IAMCR Newsletter - April 2016
Olesya Venger, winner of the 2015 UCF Award
Olesya Venger (Ph.D., University of Georgia) is an Assistant Professor at the Hank Greenspun School of Journalism and Media Studies at the University of Nevada, Las Vegas. Having graduated with an M.A. in Advertising (Marquette University) and M.A. in Communication (University of Pennsylvania), she conducts interdisciplinary research on controversial services and products as well as their regulations and media clearance. Specifically, she studies online personals for sexual services and their correspondence to media clearance. Her latest research explores technology and its role in the business of mail-order brides. Her research has been published in Journal of Advertising and Journal of Current Issues and Research in Advertising. Having a working knowledge of cross-cultural marketing and strategic communication, she also studies urban communication and media sociology. Her project on the urban space and sexual marketing in Las Vegas entitled “Spatiality of sexual marketing in Las Vegas Fun, surveillance, and illusion of "sin" on the Strip” was awarded an annual Urban Communication Research Grant by the International Association for Media and Communication Research and the Urban Communication Foundation.
Aimed to investigate how the promotion of sexual services fits into a constantly contested above- and underground space of Las Vegas, the iconic "city of sin," the study focused on activities related to sexual marketing on the Las Vegas Strip, while drawing upon Henry Lefebvre's (1991) framework of conceived, perceived, and lived spaces. To better understand the interactions related to marketing and consumption of sexual services in urban settings, it employed methods of participant observation (to study interactions on the streets), interviews (to investigate attitudes and habits of the public), and content analysis (to explore promotional materials distributed by sexual marketers).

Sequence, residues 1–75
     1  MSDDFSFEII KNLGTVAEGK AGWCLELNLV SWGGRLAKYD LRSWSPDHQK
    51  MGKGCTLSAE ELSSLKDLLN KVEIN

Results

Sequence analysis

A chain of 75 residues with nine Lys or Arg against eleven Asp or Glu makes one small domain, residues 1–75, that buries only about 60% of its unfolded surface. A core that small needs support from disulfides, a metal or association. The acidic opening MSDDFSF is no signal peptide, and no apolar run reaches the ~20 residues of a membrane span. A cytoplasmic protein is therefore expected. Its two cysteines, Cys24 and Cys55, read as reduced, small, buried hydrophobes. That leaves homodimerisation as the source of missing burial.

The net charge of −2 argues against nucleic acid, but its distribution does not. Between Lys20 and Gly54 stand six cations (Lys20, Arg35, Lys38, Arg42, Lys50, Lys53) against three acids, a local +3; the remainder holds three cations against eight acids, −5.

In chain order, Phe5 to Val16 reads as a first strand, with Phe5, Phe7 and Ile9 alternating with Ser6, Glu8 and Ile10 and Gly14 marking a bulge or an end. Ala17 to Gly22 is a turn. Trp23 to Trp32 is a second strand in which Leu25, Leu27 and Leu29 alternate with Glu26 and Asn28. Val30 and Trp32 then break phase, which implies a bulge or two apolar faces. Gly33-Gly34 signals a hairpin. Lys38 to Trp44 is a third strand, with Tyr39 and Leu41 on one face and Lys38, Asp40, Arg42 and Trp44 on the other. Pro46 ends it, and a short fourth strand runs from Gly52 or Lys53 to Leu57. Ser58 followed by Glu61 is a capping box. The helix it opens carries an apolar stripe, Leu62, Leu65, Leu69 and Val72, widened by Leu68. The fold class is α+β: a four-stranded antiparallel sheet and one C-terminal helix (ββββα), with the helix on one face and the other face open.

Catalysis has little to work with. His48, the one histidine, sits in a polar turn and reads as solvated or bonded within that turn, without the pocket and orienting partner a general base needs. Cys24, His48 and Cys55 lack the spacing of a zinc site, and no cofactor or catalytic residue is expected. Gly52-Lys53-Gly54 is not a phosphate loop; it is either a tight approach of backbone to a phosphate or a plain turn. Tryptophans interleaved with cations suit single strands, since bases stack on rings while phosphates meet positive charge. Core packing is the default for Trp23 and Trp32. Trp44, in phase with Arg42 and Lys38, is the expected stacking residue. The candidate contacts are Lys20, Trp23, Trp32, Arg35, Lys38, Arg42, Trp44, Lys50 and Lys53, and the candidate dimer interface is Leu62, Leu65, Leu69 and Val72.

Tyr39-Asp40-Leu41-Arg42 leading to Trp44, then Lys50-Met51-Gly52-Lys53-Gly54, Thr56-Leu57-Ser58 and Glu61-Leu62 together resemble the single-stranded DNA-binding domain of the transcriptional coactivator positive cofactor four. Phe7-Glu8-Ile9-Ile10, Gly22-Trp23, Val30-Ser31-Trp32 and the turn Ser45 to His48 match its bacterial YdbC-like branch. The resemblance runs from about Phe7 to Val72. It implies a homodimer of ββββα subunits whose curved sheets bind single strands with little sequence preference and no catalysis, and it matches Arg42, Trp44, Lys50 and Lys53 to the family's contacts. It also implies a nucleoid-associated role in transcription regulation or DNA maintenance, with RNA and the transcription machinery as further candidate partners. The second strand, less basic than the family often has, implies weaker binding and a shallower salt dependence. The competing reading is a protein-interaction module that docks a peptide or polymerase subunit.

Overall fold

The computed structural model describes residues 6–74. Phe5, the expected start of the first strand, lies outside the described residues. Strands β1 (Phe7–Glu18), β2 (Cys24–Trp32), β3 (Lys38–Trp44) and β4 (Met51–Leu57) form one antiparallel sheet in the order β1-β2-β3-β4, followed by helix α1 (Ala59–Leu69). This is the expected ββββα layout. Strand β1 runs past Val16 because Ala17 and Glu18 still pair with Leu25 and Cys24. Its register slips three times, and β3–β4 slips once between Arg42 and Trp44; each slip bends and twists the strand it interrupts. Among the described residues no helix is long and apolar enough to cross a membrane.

Observing life on the Strip from sunrise to sunset at different times of the day, one week a month during six months from September of 2015 to February of 2016, the study accumulated more than 420 hours of observations regarding public's behavior at different points on the Strip. As a result of intercepting individuals who took sexual marketing materials from street marketers, bought sexual services previously, and wanted to talk about their intent to use sexual materials obtained from street marketers, 68 interviews were conducted. The study demonstrated that despite availability of sexual marketing offers on the Strip, the clients of sex workers tended not to act impulsively, relying on the Internet ads and forums as well as advice of friends instead. They also preferred buying legal over illegal sexual services even in the city of "sin." Given that almost nobody tended to act on the "sinful" offers related to sexual marketing on the Las Vegas Strip, the space of the Strip remained a space for public and sexual marketers' freedom of expression, contributing to the "sinful" atmosphere of the perceived space, where everyone was dreaming about something forbidden but almost nobody transgressed what was allowed/accepted. The findings of the study reaffirm the Las Vegas Strip as a space where the old Vegas practice of "everyone watching everyone" re-emerged in a new form, which suits the needs of casino owners, but not so much gratifications of casino visitors, better and more efficiently than in the past. Creating an illusion of freedom of movement for pedestrians and visitors who are walking the Strip (as opposed to driving around), the perceived space of the Strip imposes a new order of movement all its own.